Painfully Slow: For as tedious as the Paradise mini-games are, its macro-game—spending fourteen days on Zack Island, with morning, daytime and nighttime activity opportunities—is more grating. Instead of being free to roam the island and enjoy oneself in various frivolous ways, you're still locked into a rigid set of things you can accomplish during each day, which is to relax, go shopping and play some brainless mini-games. The loading between each of these activities and during dialogue between the girls adds to the pain.


I'm completely serious when I say that Dead or Alive Paradise is something of a disappointment to me. It should be an amusing romp, but winds up being frustrating and—still completely serious here—doesn't live up to its potential. Most disappointing is the photography, which is clumsy in its controls and doesn't offer anything of substance. For the collector of virtual things, Dead or Alive Paradise excels, packing in dozens of collectible swimsuits and accessories and hundreds of Venus Clips to ogle, but the allure to complete these collections is outweighed by the clunky presentation of the game.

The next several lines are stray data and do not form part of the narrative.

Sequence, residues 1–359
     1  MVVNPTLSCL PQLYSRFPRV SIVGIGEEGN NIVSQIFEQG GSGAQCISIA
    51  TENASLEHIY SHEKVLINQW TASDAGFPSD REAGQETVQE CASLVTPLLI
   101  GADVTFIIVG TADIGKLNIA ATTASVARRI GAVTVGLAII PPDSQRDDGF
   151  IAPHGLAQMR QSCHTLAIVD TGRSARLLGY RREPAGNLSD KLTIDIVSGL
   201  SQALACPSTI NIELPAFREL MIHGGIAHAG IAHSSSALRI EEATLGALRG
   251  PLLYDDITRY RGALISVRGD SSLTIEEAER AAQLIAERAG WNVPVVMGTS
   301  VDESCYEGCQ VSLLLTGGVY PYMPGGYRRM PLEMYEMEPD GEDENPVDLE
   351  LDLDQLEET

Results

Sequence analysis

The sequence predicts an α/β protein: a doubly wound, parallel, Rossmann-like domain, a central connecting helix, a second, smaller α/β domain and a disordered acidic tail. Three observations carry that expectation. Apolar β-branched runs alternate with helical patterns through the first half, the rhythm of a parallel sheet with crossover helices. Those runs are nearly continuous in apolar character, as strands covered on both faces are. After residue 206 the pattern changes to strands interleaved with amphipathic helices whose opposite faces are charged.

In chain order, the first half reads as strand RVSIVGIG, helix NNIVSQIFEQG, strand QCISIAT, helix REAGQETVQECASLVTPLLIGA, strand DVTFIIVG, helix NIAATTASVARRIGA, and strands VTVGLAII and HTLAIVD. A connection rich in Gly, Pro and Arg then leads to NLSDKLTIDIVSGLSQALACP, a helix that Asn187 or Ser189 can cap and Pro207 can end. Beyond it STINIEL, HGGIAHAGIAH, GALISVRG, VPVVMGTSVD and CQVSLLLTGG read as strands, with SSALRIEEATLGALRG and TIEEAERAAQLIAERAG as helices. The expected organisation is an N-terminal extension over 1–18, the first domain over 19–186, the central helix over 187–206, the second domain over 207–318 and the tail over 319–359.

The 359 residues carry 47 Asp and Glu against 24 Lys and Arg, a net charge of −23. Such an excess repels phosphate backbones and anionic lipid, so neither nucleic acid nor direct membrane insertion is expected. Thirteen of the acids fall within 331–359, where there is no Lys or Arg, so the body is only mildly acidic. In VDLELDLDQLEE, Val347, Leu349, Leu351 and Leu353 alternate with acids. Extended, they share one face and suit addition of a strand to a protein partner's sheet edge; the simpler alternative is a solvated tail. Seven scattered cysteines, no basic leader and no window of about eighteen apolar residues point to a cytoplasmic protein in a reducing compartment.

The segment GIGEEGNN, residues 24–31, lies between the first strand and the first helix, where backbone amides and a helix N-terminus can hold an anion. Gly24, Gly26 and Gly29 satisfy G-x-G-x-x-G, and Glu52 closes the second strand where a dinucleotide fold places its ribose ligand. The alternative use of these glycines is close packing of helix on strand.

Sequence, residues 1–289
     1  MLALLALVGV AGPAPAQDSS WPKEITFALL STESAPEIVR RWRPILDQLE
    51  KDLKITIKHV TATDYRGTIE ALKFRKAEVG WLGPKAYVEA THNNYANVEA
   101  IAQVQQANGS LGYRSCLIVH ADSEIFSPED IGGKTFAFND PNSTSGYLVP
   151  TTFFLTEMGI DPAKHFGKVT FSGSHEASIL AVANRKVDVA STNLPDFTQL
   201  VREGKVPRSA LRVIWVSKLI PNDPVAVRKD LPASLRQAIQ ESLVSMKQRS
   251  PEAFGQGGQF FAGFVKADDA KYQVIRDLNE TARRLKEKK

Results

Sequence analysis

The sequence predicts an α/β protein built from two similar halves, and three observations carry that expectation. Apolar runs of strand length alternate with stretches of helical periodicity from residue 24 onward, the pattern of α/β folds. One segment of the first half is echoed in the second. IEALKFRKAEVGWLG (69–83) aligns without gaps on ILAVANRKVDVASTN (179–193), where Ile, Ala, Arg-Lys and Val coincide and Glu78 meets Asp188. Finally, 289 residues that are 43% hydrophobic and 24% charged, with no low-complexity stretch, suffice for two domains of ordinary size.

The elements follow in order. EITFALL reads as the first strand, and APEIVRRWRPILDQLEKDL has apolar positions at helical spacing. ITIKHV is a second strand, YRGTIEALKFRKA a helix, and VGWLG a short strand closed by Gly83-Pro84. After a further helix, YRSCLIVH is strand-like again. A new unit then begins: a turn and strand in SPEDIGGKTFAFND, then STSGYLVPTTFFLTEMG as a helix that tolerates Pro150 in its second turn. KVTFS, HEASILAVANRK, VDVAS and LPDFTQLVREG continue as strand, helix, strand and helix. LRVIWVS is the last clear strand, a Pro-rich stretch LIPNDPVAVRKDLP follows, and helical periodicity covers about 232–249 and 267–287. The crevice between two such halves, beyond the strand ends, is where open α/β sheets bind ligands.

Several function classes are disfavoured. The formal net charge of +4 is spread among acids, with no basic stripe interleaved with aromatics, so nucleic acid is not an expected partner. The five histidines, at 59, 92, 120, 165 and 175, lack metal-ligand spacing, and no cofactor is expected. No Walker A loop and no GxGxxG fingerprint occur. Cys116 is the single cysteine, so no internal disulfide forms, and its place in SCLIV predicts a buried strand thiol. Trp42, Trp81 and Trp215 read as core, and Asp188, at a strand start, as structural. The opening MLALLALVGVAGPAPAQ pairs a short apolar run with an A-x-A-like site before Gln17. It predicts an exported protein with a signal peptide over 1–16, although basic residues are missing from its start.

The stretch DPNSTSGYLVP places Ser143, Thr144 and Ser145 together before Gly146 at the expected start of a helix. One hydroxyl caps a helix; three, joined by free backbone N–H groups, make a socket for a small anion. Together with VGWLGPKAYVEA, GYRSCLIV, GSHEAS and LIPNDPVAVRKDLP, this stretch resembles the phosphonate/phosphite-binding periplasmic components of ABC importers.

At least Dead or Alive Paradise looks good, its most noteworthy accomplishment. But when better looking versions of the same game exist on the Xbox (and Xbox 360), why take this trip?


Dead or Alive Paradise was developed by Tecmo and published by Tecmo Koei for the PSP on March 30. Retails for $29.99 USD. A copy of the game was given to us by the publisher for reviewing purposes. Played through three visits to Zack Island and purchased too many bikinis to count.

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Nightshift Nurse

At least Dead or Alive Paradise looks good, its most noteworthy accomplishment. But when better looking versions of the same game exist on the Xbox (and Xbox 360), why take this trip?

Probably because one doesn't own an Xbox (360). Seriously, I could see more than a few purchases of DoA: Paradise (on a Sony platform no less) being the result of a middle-finger at Itagaki and/or DoA Xbox exclusivity.

Hell, it could be Tecmo telling Itagaki to go fuck himself considering the abruptness of the original announcement and release.

I actually wouldn't be surprised if Tecmo was counting on a certain drought mentality spurring sales of this game. I mean, it's been what...nine years since a Dead or Alive title appeared on anything but a Microsoft console?